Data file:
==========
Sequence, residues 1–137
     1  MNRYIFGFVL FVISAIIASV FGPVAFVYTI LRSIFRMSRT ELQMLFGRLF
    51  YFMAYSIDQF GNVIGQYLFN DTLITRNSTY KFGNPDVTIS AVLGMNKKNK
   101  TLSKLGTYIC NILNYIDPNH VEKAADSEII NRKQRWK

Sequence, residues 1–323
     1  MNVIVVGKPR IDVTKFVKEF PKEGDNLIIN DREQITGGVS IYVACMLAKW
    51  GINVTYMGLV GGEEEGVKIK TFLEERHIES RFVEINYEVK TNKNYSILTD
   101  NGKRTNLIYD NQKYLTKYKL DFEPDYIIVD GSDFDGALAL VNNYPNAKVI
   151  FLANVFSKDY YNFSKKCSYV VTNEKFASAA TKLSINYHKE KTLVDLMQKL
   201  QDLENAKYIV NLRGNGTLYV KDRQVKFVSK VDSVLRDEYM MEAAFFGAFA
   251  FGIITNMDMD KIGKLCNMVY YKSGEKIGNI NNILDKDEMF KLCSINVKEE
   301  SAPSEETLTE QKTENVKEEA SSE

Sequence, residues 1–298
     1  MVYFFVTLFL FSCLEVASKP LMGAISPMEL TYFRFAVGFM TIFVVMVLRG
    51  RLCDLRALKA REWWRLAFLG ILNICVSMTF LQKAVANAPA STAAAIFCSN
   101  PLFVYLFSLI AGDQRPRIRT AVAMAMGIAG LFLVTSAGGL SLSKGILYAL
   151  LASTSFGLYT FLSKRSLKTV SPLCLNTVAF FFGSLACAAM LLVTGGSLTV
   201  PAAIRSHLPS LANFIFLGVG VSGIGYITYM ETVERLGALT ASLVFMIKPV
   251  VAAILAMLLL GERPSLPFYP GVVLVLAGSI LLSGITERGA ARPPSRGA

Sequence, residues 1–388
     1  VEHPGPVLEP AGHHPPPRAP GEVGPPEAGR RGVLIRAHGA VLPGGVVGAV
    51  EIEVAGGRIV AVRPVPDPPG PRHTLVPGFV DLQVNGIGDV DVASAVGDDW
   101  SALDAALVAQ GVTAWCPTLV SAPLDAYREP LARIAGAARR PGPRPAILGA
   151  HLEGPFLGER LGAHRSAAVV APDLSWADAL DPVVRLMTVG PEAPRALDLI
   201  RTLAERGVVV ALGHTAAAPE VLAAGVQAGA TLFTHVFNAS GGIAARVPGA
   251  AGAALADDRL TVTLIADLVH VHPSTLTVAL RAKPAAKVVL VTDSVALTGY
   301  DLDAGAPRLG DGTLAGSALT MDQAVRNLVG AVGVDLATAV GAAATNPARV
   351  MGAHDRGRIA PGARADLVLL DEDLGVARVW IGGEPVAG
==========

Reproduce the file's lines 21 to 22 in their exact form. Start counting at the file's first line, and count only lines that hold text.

     1  VEHPGPVLEP AGHHPPPRAP GEVGPPEAGR RGVLIRAHGA VLPGGVVGAV
    51  EIEVAGGRIV AVRPVPDPPG PRHTLVPGFV DLQVNGIGDV DVASAVGDDW